Two More Jailed After 'Silence Trident'

Contact: Beth Preheim or John LaForge
Trident Resistance Network-Midwest
P.O. Box 373 Luck, WI 54853
Phone: 715-472-4185
Fax: 715-472-4184

Two More Jailed after "Silence Trident" Disarmament Action Drops Antenna Poles at Navy's Project
June 25, 2000

ELF CLAM LAKE, WI - Two peace activists, who cut down three poles supporting transmission lines for a controversial U.S. submarine communication system located near Clam Lake have been charged with sabotage and intentional damage to property. Bonnie Urfer, 48, and Michael Sprong, 37, both of rural Luck, WI used hand-held Swede saws to cut the poles at the nuclear Navy's Project ELF Saturday afternoon. The two waited over an hour for the arrival of Ashland County Sheriff's Deputies who took them into custody. A photographer of the action, Barbara Katt, 42, also of Luck, was also jailed and is reportedly charged with being party to the two alleged felonies.

The three are expected to appear at a bond hearing Monday June 26 in Ashland County Circuit Court at 1:15.

At a solidarity demonstration at noon Sunday, June 25, two women (Anika Spaldie, 31 of Sweden, and Kate Berrigan, 18 of Baltimore, MD) were jailed and charged with trespassing. During a vigil by 10 at the ELF offices, the two entered the ELF property to deliver the "Citizens' Indictment" that was carried by Urfer and Sprong on Saturday. They are to appear Monday June 26 for arraignment.

The disarmament action is the fifth time since 1984 that the transmitter - known as Project ELF (Extremely Low Frequency) - has been shut down by anti-war activists who have downed poles supporting the 28-mile-long antennae line with hand saws. The transmitter sits on public land in the Chequamegon National Forest. Another ELF facility is in Michigan's Escanaba State Forest. ELF is used to send orders to submerged missile-firing submarines around the world.

Urfer and Sprong, who called their action "Silence Trident," carried with them reams of documents they say justify their modern-day Boston Tea Party. They attached references to laws and treaties to the poles they cut. The documents explain that laws binding on the United States that make the ELF system an illegal weapon system. The two stressed that their action took place in a remote area and was carried out safely and nonviolently.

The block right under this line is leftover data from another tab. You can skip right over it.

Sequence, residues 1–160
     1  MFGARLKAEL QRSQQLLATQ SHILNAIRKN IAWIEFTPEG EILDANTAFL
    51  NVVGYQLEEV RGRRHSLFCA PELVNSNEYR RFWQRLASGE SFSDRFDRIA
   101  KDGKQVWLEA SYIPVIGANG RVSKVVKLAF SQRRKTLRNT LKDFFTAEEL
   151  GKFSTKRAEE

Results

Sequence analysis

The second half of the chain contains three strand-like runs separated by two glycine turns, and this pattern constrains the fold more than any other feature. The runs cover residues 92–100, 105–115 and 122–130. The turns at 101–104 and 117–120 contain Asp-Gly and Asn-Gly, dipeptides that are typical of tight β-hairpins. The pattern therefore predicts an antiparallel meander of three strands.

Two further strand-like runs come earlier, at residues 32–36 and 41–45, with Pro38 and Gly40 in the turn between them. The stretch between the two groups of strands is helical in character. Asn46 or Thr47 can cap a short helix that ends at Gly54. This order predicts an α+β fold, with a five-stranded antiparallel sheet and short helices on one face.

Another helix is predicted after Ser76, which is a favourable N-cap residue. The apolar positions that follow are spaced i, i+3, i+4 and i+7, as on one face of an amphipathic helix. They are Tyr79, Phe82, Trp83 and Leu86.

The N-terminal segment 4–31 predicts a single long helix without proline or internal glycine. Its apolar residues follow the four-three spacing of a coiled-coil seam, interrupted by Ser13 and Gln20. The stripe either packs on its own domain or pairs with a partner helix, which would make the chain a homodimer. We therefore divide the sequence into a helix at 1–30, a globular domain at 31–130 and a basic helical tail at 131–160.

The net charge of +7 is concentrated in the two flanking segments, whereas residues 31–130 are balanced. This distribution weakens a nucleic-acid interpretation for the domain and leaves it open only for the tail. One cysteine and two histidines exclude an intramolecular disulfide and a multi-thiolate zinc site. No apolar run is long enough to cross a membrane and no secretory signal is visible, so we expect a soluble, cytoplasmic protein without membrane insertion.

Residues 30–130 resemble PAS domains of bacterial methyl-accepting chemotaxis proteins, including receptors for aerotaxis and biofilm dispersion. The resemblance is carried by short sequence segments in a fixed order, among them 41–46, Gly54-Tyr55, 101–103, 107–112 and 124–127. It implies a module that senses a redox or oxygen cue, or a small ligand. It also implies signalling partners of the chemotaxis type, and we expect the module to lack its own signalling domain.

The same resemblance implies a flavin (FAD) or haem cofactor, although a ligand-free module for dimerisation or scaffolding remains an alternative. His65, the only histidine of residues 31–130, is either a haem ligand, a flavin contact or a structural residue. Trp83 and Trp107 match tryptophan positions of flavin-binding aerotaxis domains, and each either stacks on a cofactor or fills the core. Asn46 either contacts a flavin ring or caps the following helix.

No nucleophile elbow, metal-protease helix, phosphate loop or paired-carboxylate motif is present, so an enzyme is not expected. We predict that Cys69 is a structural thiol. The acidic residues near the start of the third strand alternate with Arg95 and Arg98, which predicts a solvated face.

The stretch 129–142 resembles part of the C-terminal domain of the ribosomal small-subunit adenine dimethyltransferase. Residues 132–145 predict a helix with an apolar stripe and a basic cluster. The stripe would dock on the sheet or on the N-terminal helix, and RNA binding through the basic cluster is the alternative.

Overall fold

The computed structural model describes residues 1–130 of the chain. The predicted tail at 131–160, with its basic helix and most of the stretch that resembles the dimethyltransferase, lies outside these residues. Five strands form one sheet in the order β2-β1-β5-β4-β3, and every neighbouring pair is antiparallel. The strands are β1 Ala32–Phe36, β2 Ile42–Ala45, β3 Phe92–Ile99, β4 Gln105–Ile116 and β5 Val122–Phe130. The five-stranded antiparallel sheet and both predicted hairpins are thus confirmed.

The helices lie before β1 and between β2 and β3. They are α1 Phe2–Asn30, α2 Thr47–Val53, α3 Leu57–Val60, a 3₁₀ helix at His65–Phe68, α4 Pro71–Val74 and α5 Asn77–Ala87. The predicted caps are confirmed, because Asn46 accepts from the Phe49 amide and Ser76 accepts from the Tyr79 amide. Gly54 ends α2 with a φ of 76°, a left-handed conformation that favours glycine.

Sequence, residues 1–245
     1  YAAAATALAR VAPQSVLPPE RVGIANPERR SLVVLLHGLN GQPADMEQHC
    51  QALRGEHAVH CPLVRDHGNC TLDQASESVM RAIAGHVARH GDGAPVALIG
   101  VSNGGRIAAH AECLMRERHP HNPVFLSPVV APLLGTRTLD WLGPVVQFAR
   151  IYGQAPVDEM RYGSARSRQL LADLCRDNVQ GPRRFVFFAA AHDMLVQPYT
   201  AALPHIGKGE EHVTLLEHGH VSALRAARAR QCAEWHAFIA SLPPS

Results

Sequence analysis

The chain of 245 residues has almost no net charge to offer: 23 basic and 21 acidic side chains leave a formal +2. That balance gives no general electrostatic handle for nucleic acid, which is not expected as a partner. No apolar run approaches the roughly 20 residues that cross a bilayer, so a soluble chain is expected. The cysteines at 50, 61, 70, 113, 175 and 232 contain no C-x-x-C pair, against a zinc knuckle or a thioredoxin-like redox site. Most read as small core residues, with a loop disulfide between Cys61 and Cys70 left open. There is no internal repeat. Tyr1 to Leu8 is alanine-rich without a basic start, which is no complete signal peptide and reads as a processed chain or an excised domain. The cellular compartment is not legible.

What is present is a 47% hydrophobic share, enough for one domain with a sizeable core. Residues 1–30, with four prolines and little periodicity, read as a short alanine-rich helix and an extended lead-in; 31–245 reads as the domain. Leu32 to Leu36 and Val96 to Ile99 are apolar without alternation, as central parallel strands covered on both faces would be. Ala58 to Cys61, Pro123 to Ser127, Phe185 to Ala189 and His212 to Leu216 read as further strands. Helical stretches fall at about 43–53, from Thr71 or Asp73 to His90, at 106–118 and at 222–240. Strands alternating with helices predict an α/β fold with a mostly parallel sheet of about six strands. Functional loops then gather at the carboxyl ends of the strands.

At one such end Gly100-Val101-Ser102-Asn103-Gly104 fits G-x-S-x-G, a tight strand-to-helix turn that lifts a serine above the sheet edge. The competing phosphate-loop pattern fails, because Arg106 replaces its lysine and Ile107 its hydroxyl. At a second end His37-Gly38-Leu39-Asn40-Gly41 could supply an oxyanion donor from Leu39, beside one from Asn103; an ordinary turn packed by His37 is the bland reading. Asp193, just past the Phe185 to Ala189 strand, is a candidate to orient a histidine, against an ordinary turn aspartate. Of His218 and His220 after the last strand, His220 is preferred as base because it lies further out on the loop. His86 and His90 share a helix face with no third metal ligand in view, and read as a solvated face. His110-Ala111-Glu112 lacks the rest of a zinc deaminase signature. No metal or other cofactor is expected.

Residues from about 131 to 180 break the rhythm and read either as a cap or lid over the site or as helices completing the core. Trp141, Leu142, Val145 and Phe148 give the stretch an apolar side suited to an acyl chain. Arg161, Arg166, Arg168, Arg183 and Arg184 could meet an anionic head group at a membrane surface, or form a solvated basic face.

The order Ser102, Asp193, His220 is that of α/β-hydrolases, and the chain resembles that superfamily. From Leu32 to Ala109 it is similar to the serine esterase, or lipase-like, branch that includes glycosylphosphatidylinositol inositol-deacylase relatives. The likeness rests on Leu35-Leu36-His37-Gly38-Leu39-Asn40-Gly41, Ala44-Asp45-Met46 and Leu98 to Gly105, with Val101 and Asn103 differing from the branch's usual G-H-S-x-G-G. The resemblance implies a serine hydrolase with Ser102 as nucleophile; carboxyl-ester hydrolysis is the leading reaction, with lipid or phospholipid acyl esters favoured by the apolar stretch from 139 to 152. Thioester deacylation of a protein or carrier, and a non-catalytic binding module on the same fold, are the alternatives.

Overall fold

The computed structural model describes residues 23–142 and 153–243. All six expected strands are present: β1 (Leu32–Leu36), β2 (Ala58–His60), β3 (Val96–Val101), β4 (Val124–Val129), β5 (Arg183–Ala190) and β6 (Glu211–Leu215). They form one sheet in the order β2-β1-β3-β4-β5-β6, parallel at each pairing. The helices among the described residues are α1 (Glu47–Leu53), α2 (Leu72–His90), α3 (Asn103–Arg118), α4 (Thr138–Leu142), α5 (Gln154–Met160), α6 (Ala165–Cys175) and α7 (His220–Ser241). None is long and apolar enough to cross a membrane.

In 1996 two activists were found not guilty sabotage after they cut down three poles at the same site. After hearing testimony from three experts that Project ELF could only be used in an offensive first-strike nuclear attack and served no defensive purpose, an Ashland County jury decided that the disarmers had not interfered with national defense. In 1985 another pole cutter was also acquitted of the sabotage charge.

In a similar action in Oct. 1999 in England, three British peace activists were acquitted of all charges after destroying Trident submarine research computers that they'd thrown into the sea near the UK.

According to Bob Aldridge of the Pacific Life Research Center (, Project ELF sends coded, one-way messages to deeply submerged Trident missile-firing submarines. The submarines can be ordered simultaneously to the surface where they can launch 24 missiles, carrying up to 192 nuclear warheads. From these forward-based "platforms," enemy missile silos and command posts can be destroyed in less than 15 minutes. This, Urfer and Sprong claim, makes Project ELF the "trigger" for over 50 percent of U.S. strategic nuclear weapons. In documents the two brought to the site, the two charge that the aggressive nature of the ELF/Trident system makes it illegal under international laws and treaties as well as under domestic law.

In 1983 Federal Judge Barbara Crabb halted construction of Project ELF for environmental, health, and safety reasons only to be reversed by the U.S. Court of Appeals for reasons of "national security." Throughout the 1990s, Congressional opposition to the transmitter has been consistent with six of nine representatives and both U.S. senators from Wisconsin leading the call to cut funding for Project ELF.

Urfer and Sprong emphasized in their documentation that the U.S. Navy has never shown that Project ELF's electromagnetic radiation is not harmful to residents in the vicinity of the facility and to the environment. They say that their action is justified because ELF is an imminent threat to people and the environment.